1982 Grady Weekender/Offshore (removed stern drive & modded to be an OB)

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              • #8
                now that you say that, that was what the discussion was about. GL4& 5

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                • #9
                  How in the hell would one know if there are brass bushings involved? Over 7 years, I think I have used everything. GL 4-5. 80 wt. Multiweights, synthetic. Walmart private label, Yamaha brand. It’s cheap. Change it frequently.

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                  • #10
                    well if you do not know for sure, it would be best to stick to what the manufacturer specs for you motor

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                    • #11
                      Originally posted by 99yam40 View Post
                      well if you do not know for sure, it would be best to stick to what the manufacturer specs for you motor
                      the difficulty is, until fairly recently,
                      in neither Owners Manual nor Service Manual has Yamaha stated anything other than
                      "SAE #90 hypoid"

                      leaving open the question of whether GL5 is ok

                      and, as mentioned in the first post,
                      allowing some to wonder if perhaps only "straight weight" 90 is allowable -
                      and "multigrade" xxW-90 is somehow not OK

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                      • #12
                        well that realy sucks if the manuals do not say what should be used

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                        • #13
                          Not buying the brass failure due to incorrect gear oil. Besides the one post Rod made, is there any other evidence that the oil caused the bushings to fail?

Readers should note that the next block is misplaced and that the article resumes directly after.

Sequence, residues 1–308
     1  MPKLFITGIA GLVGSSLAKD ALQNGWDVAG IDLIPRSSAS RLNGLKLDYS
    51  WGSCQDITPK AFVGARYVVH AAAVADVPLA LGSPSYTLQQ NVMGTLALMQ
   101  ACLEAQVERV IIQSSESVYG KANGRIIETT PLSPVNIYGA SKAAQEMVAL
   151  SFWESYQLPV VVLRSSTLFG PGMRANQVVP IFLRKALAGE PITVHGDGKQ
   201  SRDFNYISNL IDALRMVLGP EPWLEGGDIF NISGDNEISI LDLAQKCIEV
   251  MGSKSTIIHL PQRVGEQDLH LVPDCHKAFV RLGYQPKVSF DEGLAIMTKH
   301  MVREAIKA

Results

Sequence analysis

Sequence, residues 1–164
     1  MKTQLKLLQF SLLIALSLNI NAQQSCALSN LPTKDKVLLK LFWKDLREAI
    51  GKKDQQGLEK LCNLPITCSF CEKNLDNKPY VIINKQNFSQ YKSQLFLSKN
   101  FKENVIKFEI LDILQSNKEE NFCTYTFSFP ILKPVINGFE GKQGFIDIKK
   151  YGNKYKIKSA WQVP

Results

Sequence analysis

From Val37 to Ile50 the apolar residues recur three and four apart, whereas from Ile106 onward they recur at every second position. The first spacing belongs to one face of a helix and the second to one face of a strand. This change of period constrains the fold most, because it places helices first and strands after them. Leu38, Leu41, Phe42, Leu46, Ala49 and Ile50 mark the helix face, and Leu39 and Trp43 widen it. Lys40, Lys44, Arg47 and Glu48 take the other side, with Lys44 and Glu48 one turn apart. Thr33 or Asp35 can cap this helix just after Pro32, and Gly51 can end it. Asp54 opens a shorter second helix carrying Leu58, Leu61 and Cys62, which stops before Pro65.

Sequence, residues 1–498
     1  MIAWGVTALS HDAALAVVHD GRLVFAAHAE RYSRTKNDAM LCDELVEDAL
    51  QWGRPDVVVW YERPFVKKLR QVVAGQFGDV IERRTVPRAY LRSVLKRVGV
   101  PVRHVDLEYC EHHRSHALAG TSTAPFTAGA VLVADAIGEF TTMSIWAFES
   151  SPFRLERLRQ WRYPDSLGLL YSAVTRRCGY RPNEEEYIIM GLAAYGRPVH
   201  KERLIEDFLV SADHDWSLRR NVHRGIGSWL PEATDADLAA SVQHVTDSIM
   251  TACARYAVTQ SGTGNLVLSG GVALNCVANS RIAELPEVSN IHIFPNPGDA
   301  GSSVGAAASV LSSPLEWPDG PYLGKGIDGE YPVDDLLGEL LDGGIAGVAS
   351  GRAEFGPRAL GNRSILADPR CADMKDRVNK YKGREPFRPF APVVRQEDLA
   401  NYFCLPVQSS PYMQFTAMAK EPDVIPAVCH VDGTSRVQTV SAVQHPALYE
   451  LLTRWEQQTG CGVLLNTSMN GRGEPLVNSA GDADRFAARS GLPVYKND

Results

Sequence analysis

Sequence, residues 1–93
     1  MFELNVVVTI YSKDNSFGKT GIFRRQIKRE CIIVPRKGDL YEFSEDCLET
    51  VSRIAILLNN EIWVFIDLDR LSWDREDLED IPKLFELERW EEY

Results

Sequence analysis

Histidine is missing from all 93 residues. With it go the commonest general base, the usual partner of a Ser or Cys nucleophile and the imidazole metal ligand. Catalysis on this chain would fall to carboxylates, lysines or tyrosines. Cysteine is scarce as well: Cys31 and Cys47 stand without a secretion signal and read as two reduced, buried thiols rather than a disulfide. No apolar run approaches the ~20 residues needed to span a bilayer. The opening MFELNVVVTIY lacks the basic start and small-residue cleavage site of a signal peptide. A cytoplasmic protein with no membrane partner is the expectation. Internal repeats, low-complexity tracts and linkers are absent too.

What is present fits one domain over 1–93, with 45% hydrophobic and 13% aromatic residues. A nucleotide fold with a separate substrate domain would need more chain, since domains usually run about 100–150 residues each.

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                          • #14
                            Originally posted by pstephens46 View Post
                            Not buying the brass failure due to incorrect gear oil. Besides the one post Rod made, is there any other evidence that the oil caused the bushings to fail?
                            Here's another way to look at it. You've got Rodbolt (a well trained, experienced technician for like, 140 years) telling you it's no good... and you've got the entire Merc engineering department telling you it's no good. Do you really want to makes a decision based on your "feeling" or "disbelief"?

                            What evidence do you have that it DOESN'T cause issues? And, by chance, if you've run GL5 in a GL4 gearcase, and it didn't cause issues... that's not evidence. A few years of doing it does not evidence make. Specific gear oil for certain systems is nothing new.

                            Now, that being said... I have no idea how long it would take to cause issues. I just know that there are sources much smarter than me telling not to do it. I'm certainly not willing to be a guinea pig.
                            2000 Yamaha OX66 250HP SX250TXRY 61AX103847T
                            1982 Grady Weekender/Offshore (removed stern drive & modded to be an OB)

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                            • #15
                              Oh... I do want to add something. I am not 100% sure of this, so take it with a grain of salt. I seem to recall that this "no-no" warning goes back quite a few years. Something about the GL5 having sulfur in it to provide more wear protection. But it was the sulfur that ate away at the soft metals. AND... along with what I "sort of" remember... newer GL5 oils may use a different formulation that is safe for the softer metals. Which means, nowadays, it may actually be OK to use GL5.

                              But that's a lot of "if's" and "IIRC's"... I'm still going to stick with the GL4. Better safe than sorry, and there's absolutely nothing negative about using the GL4. After all, it's not like the GL4 is a poor choice - it works quite well.
                              2000 Yamaha OX66 250HP SX250TXRY 61AX103847T
                              1982 Grady Weekender/Offshore (removed stern drive & modded to be an OB)